I am terrified of audience participation, so didn't take part in the dancing that ended the night, but it was certainly a nice way to wrap it up, watching people do-si-do-ing to Greensleeves while I nibbled on wonderful spiced pumpkin pie, pleasingly sharp lemon tarts, and welcomely clean, crisp melon slices.

On a scale of 1 to Is This A Dream: This edges towards a 7. Not that it wasn't a wonderful and extravant experience, but more because it was really quite surreal and literally dream-like, wearing flowing robes and tucking into food with one's hands and drinking wine from metal flagons and so on.

Would I do this for not-free? We had a really fun time at this dinner. I do suspect though, and I'm not just saying this to try make myself feel more relevant, that it's the sort of thing that might have flown under my radar if I'd simply seen it on a list of upcoming events. However, if I'd read someone's account of it - oh, say, like the one I'm writing right now - I'd be a lot more interested. I certainly recommend keeping an eye on the CQ Facebook page for any upcoming events though.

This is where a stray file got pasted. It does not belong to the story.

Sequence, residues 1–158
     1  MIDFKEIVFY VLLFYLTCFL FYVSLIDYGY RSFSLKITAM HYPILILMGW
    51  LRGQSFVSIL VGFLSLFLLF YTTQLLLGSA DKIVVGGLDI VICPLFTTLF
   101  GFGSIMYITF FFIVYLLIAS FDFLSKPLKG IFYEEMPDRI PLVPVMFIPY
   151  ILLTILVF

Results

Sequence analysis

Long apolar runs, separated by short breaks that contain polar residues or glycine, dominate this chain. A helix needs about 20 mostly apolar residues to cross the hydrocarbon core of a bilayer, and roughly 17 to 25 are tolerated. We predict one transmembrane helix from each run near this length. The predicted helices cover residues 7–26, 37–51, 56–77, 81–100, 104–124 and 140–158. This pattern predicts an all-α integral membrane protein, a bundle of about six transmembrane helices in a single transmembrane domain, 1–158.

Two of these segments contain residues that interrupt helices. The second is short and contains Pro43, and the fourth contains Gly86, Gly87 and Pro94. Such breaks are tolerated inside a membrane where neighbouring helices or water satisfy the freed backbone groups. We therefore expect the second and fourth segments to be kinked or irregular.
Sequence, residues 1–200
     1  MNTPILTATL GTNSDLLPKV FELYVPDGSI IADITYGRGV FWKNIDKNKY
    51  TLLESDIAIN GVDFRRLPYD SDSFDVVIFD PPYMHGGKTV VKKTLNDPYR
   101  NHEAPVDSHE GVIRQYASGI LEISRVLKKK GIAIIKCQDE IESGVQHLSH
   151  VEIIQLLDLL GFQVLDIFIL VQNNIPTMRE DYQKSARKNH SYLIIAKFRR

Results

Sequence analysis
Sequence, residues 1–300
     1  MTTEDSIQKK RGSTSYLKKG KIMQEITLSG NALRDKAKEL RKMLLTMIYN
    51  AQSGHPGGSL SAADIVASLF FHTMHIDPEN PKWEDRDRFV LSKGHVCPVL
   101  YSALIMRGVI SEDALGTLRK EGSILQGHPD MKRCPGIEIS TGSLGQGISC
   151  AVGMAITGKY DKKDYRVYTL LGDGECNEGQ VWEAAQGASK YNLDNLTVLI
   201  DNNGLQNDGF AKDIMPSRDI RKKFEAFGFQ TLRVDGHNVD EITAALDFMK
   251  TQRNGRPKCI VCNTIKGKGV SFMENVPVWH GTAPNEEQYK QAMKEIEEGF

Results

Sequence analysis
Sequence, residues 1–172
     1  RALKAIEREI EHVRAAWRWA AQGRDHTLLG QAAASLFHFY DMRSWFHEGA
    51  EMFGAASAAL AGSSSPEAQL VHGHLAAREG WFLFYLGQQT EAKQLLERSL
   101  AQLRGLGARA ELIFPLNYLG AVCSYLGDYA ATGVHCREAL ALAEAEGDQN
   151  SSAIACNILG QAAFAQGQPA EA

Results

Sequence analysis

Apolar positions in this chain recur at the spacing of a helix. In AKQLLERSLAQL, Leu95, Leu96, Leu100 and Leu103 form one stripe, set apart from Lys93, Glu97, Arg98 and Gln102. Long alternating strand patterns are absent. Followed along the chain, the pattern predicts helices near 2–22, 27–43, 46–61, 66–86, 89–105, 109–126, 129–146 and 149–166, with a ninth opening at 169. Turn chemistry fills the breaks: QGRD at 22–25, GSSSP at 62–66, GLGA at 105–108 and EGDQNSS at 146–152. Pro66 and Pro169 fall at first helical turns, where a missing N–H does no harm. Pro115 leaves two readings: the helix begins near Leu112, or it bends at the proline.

Earnest thanks for making me feel fancy to: CQ Hotel, 233 Cuba Street, Wellington. See also CQ Restaurant, Cafe and Bar.

22 July 2013

everything i love is on the table, everything i love is out to sea

Here are some things that happened over the weekend.

Tim and I drank a lot of coffee and started planning our wedding. We went to see Unknown Mortal Orchestra live at Bodega. They were amazing. A guy collapsed in front of me while we were there, which sent a shot of adrenaline to my heart like the "a shot of adrenaline to the heart" scene in Pulp Fiction, but by the time I ran to tell the bar staff his friend had taken him outside. I made burnt butter madeleines for friends Kate and Jason as a small token of my gratitude for giving us this beautiful formica table that they no longer needed. I've always loved formica, but it's near-impossible to get hold of in Wellington, since every cafe and their mother seems to love it, too. 

And I spent three hours - three whole hours to the minute - huddled under the dining table, with Tim, and our friends Kim and Brendan, during a big earthquake, and through aftershock-after-aftershock. So, uh, yeah. The aftershocks continued throughout the night, when Tim and I (I dazedly, Tim pragmatically) gathered medication and a jacket and bottled water and then went to bed. I slept somewhere between midnight and 3.00am, and that was...it. There have been aftershocks all morning. The table that this laptop is sitting on wobbled just before, and it probably will again. Right now my legs and hands are shaking and my head is sort of spacey and my butt and heart are twitching in a syncopated motion and I sincerely can't tell what is tiny aftershock and what is me.